About this Research Topic
Playing a musical instrument is a highly complex activity. It requires a sophisticated combination of cognitive and sensorimotor skills, which are acquired during a long learning trajectory. Traditional music pedagogy is mostly based on a master-apprentice model in which the student observes and imitates the teacher, the teacher provides verbal feedback on the performance of the student, and the student engages in long periods of self-study without teacher supervision. However, learning under the master-apprentice model is difficult because the time lag between the student‘s performance and the teacher‘s feedback makes the feedback to be dissociated from the online proprioceptive and auditory sensations accompanying the performance – this is especially relevant since most of student‘s performance practice takes place long after the teacher‘s feedback. The resulting long periods of private-study by the student frequently make the learning of musical instruments a rather harsh and solitary experience, resulting in high abandonment rates. In addition, approaches to teaching the biomechanics of musical performance may be based on subjective and vague perception, rather than on accurate understanding of the principles of human movement. The student requires to mirror the teacher‘s body language, according to verbal feedback which is often susceptible to ambiguous interpretation. For the student, consequences of such an uninformed pedagogy can range from a frustrating lack of progress, and consequent abandonment, to health problems. In such a learning model, modern technologies are rarely employed and almost never go beyond audio and video recording.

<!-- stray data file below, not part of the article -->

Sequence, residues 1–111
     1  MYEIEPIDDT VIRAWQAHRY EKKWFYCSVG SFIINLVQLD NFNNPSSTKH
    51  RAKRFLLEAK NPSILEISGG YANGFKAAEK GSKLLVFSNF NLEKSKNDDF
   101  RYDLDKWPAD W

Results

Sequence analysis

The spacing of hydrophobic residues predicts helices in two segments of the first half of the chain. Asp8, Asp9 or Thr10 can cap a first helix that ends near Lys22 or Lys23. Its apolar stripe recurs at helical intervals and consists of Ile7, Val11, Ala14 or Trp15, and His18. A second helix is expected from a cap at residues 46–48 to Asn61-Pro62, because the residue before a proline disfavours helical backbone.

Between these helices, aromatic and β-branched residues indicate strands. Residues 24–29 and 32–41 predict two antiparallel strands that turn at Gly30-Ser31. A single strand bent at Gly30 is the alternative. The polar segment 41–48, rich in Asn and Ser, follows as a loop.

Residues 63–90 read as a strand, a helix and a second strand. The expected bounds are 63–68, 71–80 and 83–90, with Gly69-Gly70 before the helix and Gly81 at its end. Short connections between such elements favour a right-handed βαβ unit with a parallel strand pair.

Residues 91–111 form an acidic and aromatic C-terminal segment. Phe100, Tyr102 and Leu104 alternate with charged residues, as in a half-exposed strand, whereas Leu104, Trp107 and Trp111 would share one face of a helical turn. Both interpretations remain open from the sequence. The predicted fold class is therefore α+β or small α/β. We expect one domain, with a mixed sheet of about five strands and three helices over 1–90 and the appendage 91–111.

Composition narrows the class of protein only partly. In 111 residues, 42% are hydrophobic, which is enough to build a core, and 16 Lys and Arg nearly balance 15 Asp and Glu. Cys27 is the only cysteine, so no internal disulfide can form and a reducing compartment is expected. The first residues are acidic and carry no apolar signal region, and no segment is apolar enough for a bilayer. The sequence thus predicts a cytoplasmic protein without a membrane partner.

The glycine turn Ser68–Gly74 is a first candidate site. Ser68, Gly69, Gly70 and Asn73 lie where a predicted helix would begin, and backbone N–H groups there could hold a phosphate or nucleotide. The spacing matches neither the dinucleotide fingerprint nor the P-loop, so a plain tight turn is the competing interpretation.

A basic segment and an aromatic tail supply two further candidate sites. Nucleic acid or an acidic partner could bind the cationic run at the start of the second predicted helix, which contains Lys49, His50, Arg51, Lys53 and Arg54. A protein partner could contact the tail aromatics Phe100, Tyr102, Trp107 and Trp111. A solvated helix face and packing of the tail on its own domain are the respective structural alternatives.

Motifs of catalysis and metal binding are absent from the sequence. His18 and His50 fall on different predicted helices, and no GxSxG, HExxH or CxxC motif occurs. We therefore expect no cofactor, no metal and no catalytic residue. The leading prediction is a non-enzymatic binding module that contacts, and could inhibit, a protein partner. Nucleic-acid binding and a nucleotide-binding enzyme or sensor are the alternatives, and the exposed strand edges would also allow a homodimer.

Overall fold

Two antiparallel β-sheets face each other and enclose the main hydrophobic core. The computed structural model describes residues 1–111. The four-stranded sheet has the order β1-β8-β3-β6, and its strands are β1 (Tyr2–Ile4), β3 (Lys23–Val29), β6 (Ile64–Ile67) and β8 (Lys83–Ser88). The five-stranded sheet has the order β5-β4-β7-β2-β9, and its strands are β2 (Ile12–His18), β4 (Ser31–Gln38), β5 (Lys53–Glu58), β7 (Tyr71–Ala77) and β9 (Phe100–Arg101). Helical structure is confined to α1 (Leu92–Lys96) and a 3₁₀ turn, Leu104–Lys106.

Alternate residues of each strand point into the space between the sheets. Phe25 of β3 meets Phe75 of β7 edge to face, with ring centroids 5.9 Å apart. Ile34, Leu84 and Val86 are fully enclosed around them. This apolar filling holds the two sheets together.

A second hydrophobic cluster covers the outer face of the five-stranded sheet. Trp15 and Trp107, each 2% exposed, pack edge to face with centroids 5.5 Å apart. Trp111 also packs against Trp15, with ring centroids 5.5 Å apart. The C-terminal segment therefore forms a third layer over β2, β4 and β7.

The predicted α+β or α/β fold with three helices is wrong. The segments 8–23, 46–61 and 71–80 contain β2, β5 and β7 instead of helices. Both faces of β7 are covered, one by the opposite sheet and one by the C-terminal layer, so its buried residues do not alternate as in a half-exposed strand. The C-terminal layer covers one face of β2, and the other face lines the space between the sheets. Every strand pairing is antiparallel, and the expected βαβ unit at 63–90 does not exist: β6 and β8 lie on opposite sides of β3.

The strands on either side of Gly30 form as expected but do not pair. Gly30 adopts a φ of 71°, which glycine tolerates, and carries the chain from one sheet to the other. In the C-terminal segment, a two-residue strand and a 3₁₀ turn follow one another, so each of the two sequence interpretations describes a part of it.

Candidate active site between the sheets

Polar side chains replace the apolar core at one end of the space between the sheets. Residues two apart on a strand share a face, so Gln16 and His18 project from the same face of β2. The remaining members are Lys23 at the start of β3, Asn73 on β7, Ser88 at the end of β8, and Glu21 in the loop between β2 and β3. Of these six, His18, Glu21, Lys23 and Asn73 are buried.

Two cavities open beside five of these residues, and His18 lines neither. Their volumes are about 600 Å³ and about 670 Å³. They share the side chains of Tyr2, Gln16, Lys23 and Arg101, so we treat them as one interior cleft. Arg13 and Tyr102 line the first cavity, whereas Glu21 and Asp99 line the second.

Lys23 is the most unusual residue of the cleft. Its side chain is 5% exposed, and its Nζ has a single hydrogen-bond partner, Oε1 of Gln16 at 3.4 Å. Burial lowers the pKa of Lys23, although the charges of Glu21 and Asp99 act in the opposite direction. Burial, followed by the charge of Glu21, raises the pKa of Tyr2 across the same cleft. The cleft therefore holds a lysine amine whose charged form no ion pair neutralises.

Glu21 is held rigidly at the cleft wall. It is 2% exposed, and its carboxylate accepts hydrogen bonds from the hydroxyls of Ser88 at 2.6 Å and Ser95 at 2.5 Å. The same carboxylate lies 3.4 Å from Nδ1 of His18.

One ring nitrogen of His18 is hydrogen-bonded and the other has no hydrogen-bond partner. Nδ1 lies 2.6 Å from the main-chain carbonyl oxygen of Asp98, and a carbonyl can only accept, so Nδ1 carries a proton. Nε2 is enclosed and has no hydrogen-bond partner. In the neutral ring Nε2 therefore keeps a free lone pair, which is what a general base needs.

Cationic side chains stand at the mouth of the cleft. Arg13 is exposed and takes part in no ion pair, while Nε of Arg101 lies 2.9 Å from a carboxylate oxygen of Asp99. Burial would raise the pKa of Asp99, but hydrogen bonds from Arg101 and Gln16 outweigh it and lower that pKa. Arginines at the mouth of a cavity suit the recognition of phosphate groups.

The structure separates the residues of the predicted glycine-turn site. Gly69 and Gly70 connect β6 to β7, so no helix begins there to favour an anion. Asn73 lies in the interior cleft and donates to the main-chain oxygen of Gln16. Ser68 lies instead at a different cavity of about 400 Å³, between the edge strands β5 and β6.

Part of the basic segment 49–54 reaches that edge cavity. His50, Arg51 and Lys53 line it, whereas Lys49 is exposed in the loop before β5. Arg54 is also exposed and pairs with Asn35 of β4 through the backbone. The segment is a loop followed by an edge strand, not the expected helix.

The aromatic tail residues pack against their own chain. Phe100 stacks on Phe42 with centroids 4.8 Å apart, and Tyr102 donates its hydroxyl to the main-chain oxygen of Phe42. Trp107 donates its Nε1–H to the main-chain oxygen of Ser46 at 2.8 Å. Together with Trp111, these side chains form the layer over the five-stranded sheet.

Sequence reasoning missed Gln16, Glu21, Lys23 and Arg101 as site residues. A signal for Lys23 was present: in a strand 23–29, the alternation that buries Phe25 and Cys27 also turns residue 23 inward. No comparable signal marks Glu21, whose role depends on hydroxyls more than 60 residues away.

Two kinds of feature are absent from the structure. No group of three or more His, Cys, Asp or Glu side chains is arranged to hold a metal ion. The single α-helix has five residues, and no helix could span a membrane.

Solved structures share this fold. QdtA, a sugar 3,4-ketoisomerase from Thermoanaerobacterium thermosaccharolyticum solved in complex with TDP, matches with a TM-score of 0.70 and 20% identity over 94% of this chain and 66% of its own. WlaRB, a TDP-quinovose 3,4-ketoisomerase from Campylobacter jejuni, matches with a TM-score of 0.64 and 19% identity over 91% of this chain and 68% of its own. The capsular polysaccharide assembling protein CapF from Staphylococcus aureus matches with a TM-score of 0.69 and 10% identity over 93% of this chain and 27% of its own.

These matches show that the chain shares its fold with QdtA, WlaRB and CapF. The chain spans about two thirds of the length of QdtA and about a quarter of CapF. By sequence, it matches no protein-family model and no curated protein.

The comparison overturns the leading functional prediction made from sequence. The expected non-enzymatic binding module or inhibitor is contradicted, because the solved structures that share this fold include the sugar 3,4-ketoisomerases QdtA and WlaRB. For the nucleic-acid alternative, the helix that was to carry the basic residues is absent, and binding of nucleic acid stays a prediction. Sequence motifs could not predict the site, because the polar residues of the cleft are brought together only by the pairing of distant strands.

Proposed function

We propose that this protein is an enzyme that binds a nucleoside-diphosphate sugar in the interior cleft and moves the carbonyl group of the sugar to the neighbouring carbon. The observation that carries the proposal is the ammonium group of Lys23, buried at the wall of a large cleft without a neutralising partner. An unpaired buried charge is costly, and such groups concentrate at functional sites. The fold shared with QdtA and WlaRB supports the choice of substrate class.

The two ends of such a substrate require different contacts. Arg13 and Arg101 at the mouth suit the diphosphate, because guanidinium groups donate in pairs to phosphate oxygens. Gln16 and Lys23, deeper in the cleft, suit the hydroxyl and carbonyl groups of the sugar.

This Research Topic targets contributions which address the above problems from a pedagogical and technological perspective. It attempts to address questions such as “How will the musical instrument learning and performance environments be in 5-10 years time?” and “What impact will these new musical environments have in instrument learning and practice as a whole?”
We welcome contributions describing technology-enhanced, interactive, assistive, self-learning, augmented-feedback, and/or social-aware music learning systems, complementary to traditional teaching.
Keywords: Music, Technology Enhanced Learning, Music Performance, Music Learning
Important Note: All contributions to this Research Topic must be within the scope of the section and journal to which they are submitted, as defined in their mission statements. Frontiers reserves the right to guide an out-of-scope manuscript to a more suitable section or journal at any stage of peer review.